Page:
National Post graphics editor and illustrator Richard Johnson has also earned a great reputation as a war artist, thanks to his work for the Post.

He also joined Mike Fay on the visit to the Veterans Hospital. Here is his account, and his sketches.
posted by Kabanos at 3:03 PM on March 18, 2011 [1 favorite]

Actually, here's a previous FPP about Richard Johnson.
posted by Kabanos at 3:07 PM on March 18, 2011 [1 favorite]

My great grandfather William Thurston Topham was this in the Great War. He wanted to do it again in WWII but he was too old by then and they didn't let him go.
posted by Meatbomb at 3:12 PM on March 18, 2011 [3 favorites]

Besides battle artist being super awesome, Warrant Officers are pretty much universally envied by both enlisted and regular commissioned officers.
posted by QuarterlyProphet at 3:59 PM on March 18, 2011 [1 favorite]

mkb: Nothing great about war.

True. But art like this is going to be a better depiction of and testament to the reality of it than recruiting-poster art and Hollywood Top Gun wankery. Both for the current and for the future.
posted by rmd1023 at 4:32 PM on March 18, 2011

I keep coming back to this post, enjoying it, loving the artwork, thank you zarq, and yet I'm unable to comment intelligently because it triggers me on such an emotional level. Here's a shot at it though.

The art, as beautiful as it is, reminds me of watching so much "war" stuff, old movies etc. on tv as a kid and finding myself almost twenty years later, still a kid, in Iraq being fired upon by snipers and men disguised as bedouin. It was bad shit, but honestly, also incredibly freeing and glorious. I guess that is to say that as combat is a natural part of being human, is such an adventure, that it really doesn't need advertising.

I hope this isn't a thread shit, that's just how I feel.

(FWIW was in a "friendly-fire fight" with Canadians at one point...they totally effed up my deuce & 1/2.)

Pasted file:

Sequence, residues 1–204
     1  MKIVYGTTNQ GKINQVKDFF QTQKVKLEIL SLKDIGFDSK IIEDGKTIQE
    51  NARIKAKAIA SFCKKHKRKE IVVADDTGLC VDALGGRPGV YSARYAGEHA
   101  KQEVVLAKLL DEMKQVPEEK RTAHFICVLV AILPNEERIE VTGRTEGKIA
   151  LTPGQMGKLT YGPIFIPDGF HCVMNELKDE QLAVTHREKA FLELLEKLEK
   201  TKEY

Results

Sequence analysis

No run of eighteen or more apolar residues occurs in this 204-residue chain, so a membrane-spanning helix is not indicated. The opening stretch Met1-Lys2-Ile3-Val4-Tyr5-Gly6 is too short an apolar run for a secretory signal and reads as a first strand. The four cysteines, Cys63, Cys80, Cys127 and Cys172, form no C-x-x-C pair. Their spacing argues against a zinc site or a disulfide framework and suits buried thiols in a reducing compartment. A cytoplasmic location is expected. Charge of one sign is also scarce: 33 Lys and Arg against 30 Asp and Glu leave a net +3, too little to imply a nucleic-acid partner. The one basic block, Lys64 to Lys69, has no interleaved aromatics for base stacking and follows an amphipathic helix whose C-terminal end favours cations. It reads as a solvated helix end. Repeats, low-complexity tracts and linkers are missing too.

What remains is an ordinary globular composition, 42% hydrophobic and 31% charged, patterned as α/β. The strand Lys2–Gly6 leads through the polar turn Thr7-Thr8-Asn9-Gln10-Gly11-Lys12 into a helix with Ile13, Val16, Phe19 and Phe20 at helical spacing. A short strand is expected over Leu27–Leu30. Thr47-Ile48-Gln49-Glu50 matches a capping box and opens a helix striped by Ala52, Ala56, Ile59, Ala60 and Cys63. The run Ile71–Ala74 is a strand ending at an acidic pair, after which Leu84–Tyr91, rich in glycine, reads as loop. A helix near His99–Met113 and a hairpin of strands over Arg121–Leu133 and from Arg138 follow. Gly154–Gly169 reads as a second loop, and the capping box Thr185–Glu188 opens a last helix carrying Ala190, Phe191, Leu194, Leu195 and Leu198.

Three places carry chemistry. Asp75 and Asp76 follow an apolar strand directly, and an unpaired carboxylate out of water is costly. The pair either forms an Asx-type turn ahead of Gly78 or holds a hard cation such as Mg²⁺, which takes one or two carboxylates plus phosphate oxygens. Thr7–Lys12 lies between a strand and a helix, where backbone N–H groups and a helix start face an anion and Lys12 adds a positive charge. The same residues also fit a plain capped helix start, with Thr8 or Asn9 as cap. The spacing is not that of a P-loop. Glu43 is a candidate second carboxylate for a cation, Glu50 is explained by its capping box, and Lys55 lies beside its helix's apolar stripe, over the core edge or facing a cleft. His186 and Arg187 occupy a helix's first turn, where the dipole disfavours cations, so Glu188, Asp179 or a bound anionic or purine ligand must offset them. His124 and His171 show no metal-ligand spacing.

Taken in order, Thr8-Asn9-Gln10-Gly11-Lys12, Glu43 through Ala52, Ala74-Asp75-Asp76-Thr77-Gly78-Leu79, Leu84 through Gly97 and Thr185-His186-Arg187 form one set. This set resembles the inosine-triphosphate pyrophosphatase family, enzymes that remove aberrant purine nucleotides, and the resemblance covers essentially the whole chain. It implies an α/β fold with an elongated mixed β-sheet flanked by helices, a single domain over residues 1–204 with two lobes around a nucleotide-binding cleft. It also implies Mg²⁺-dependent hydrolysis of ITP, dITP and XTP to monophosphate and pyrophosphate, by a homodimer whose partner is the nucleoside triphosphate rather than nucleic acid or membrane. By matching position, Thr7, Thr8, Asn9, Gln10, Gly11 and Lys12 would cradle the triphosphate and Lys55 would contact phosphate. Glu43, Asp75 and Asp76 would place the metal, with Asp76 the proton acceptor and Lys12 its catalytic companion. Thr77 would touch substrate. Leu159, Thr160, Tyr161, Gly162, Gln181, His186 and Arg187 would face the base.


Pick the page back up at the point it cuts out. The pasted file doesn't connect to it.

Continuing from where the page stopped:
posted by snsranch at 5:39 PM on March 18, 2011 [2 favorites]

Quarterly Prophet: care to explain? What's so great about being a warrant officer?
posted by leotrotsky at 5:50 PM on March 18, 2011

leotrotsky, Warrant Officers, LDOs, Mustangs etc. are all folks who began their military careers at the lowest enlisted rank and worked their way up to become Warrant and or Commisioned Officers. Many units or commands don't have Warrant Officers, but in the units that do, the W.O.s or LDOs usually, unofficially, have the last word on most issues. Generally speaking, W.O.s are a big deal.
posted by snsranch at 7:55 PM on March 18, 2011 [1 favorite]

snsranch is right. Almost universally, WO's are guys who have spent several years as enlisted, and now get to exclusively do subject matter related work (something that happens less and less as you move up the chain). In the Coast Guard, every (nearly) enlisted dude is jealous of Warrants because they seem to have deal with less of the bullshit that comes with military life and get all the perks of being an officer. Most officers I've talked to (granted, not too too many) are jealous of Warrants because they don't have to deal with some of the typical officer bullshit (sucking up to the next highest officer). This is basically my long winded way of saying I'm putting in a warrant package in the next year or so, and if I get it, I'm going to have to get rotator cuff surgery from all the high fives I'll be giving/getting.
posted by QuarterlyProphet at 10:10 PM on March 18, 2011 [2 favorites]

Hey, good luck QP!
posted by snsranch at 3:16 PM on March 19, 2011

La guerre c'est L'Enfer (detail), Georges Leroux, 1917-18.

May the day come when guns and brushes run out of fresh subjects.
posted by cenoxo at 9:24 AM on March 20, 2011